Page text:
I am a Counsellor, Hypnotherapist, Mental Health and Well-Being specialist, Psy TaP and BWRT® practitioner…. and I’m PASSIONATE about all of it! With 20 years experience in supporting people, I use these therapies to help you resolve issues and difficulties in your life helping you LIVE YOUR LIFE to the fullest.
Sudden Cardiac Arrest UK
Before my cardiac arrest in 2014 I worked in IT as a freelance software developer. In May 2015, I set up Sudden Cardiac Arrest UK Facebook group after meeting a number of others affected by an SCA. I spend time supporting the group and amongst other things have helped produce this website, the groups leaflet and ebook “Life After Cardiac Arrest”. I have also assisted in the presentations of Dr Keeble’s CARE study by giving a patients perspective on life after cardiac arrest.
Dr William Toff
Associate Professor in Cardiology
I am a Lecturer in Cardiology at the University of Leicester with an honorary clinical appointment at the University Hospitals of Leicester NHS Trust. My main clinical and research interests are in the field of cardiac arrhythmia and implanted cardiac rhythm management devices. I have extensive experience of health technology assessment and cardiovascular clinical trials, and I served as founding Director of the Leicester Clinical Trials Unit (2009-2012). I am the Chief Investigator for the NIHR HTA-funded United Kingdom Trans-catheter Aortic Valve Implantation (UK TAVI) trial and a member of the National TAVI Steering Group. My other interests include resuscitation science and the cardiovascular aspects of aviation medicine and fitness to fly.
I am a highly specialised psychotherapist originally qualifying as a Nurse from the West Pennine College of health studies in 1994. I have spent 20 years working with people with long term physical health needs. In 2014 I attained a Post Graduate Diploma in Cognitive and Behavioural Therapy from Anglia Ruskin University and in 2017 a Post Graduate certificate in Peer Supported Open Dialogue from London Southbank University. I work in Thurrock, Essex where my main interest is in improving the quality of life and psychological wellbeing in people with chronic and life limiting illness.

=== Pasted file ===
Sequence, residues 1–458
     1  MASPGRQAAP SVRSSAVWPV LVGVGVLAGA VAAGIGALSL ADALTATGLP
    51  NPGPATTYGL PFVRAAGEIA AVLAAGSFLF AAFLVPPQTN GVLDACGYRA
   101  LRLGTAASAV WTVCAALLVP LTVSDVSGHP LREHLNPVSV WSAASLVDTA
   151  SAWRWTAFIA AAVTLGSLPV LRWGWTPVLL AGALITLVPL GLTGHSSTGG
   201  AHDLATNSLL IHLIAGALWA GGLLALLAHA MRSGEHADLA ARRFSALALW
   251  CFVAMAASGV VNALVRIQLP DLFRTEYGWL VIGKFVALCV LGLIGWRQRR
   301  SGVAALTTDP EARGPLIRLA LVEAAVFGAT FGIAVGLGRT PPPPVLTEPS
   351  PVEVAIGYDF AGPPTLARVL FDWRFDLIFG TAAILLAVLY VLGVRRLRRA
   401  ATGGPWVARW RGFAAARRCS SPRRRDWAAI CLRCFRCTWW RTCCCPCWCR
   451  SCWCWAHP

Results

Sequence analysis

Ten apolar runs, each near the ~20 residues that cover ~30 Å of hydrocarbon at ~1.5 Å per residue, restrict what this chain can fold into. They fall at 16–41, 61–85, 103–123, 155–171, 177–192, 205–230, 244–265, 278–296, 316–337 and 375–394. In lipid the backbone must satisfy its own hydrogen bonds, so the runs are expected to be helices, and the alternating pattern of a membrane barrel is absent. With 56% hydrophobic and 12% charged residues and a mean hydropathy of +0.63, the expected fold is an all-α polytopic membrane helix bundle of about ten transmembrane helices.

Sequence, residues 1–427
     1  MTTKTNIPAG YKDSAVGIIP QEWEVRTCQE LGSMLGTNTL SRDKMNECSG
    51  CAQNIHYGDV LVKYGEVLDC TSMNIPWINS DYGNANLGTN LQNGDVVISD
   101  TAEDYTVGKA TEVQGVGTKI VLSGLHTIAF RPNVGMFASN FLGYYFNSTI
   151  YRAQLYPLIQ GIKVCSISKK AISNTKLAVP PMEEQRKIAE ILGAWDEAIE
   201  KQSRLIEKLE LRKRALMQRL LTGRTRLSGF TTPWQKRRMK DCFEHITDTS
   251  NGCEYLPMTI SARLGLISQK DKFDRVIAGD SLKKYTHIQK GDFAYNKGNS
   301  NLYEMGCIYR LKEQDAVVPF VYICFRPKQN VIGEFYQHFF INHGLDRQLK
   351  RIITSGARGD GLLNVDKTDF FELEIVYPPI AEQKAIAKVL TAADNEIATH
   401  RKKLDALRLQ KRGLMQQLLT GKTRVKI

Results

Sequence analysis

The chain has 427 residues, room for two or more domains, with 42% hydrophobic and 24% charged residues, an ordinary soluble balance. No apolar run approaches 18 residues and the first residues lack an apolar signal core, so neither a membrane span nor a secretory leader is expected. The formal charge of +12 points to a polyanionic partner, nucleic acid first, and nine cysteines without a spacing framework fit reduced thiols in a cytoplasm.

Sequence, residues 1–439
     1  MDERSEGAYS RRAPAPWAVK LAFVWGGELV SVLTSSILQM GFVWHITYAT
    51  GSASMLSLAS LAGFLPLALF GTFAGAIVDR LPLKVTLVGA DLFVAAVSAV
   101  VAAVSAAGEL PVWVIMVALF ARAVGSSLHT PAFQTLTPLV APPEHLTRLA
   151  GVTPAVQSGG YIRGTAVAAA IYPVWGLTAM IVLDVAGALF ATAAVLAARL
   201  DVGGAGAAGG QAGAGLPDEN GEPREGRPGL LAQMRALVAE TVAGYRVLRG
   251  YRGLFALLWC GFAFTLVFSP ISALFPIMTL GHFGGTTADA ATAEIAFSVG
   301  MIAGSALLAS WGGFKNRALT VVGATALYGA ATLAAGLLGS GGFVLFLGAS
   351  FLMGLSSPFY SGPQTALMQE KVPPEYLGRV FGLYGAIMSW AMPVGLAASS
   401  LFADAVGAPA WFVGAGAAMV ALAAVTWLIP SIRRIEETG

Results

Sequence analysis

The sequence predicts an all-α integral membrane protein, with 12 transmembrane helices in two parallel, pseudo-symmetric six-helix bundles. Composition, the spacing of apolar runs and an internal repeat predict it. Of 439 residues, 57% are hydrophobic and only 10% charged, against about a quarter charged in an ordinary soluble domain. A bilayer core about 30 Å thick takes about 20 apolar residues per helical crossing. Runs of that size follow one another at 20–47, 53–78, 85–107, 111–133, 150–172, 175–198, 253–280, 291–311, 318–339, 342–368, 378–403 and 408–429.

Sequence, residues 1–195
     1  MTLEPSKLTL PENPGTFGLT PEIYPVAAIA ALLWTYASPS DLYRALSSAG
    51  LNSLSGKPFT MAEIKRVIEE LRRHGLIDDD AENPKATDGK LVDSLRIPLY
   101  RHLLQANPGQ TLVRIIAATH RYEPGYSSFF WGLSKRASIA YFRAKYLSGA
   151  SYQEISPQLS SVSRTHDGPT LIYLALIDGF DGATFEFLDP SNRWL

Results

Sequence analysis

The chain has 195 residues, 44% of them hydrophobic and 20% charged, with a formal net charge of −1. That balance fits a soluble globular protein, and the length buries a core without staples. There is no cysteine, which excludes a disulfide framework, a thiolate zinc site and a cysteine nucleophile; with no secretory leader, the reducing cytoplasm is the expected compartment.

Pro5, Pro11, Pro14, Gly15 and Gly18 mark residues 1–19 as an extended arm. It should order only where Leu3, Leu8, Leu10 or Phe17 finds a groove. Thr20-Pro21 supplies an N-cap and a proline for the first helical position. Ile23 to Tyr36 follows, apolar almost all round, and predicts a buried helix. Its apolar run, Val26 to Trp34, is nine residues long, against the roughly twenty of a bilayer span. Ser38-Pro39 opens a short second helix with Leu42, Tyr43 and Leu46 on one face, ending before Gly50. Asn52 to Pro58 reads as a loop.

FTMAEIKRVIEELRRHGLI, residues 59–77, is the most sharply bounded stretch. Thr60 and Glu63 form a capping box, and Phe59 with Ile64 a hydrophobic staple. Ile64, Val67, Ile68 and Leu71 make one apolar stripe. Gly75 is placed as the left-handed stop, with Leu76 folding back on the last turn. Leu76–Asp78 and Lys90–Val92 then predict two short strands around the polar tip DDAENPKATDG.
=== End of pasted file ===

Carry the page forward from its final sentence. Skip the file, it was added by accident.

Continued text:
Chief Cardiac Physiologist
Having qualified in 2008 as a Cardiac Physiologist I have extensive knowledge and experience in invasive and non- invasive cardiology. My main areas of expertise involves the care and treatment of patients with electrical problems of the heart and I help run the electrophysiology service at the Essex CTC looking after patients with slow and fast heart rhythms. I regularly help teach and educate patients and staff locally, nationally and internationally.
Along some of the corridors will be a small exhibition of related organisations and sponsors. They will be open from the start of the event.
Wel Medical – Resuscitation equipment
Heartwize – Project to bring CPR/AED skills to schools
EHAAT – Air Ambulance service for Essex & Herts
Medtronic – Implant and other cardiac devices
Boston Scientific – Implant and other cardiac devices
Cardiac Science Corporation – AED’s and other cardiac devices
Abiomed – Cardiac products
Cardionovum – Cardiac products such as coronary balloons and stents
Laerdal – Cardiac products
Livanova/Micrport – Cardiac products
Zoll – Defibrillators
Abbot Vascular (formerly St Judes) – Cardiac implants
Available in the Social Area and Room B1
Water, teas, coffee, biscuits etc will be available throughout the day
Served from 12:30 but due to the numbers attending it will be split informally into two sessions. Non-participants will be first and then participants will follow after their record attempt.
There should be enough for everyone but please be considerate to others who may be following later.